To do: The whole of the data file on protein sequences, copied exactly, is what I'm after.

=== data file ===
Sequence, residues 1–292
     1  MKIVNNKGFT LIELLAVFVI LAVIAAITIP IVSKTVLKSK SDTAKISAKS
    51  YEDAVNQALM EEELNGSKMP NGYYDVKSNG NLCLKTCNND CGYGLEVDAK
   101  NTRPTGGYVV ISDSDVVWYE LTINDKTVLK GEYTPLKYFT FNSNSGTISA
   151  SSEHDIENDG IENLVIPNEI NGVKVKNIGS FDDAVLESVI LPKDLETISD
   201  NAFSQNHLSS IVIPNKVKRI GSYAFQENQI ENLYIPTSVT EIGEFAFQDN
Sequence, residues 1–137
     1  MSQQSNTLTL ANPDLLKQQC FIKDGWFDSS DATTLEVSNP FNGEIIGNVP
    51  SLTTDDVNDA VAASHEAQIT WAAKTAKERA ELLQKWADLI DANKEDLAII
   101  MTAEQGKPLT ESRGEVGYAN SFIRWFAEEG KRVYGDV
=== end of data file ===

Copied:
Sequence, residues 1–292
     1  MKIVNNKGFT LIELLAVFVI LAVIAAITIP IVSKTVLKSK SDTAKISAKS
    51  YEDAVNQALM EEELNGSKMP NGYYDVKSNG NLCLKTCNND CGYGLEVDAK
   101  NTRPTGGYVV ISDSDVVWYE LTINDKTVLK GEYTPLKYFT FNSNSGTISA
   151  SSEHDIENDG IENLVIPNEI NGVKVKNIGS FDDAVLESVI LPKDLETISD
   201  NAFSQNHLSS IVIPNKVKRI GSYAFQENQI ENLYIPTSVT EIGEFAFQDN
Sequence, residues 1–137
     1  MSQQSNTLTL ANPDLLKQQC FIKDGWFDSS DATTLEVSNP FNGEIIGNVP
    51  SLTTDDVNDA VAASHEAQIT WAAKTAKERA ELLQKWADLI DANKEDLAII
   101  MTAEQGKPLT ESRGEVGYAN SFIRWFAEEG KRVYGDV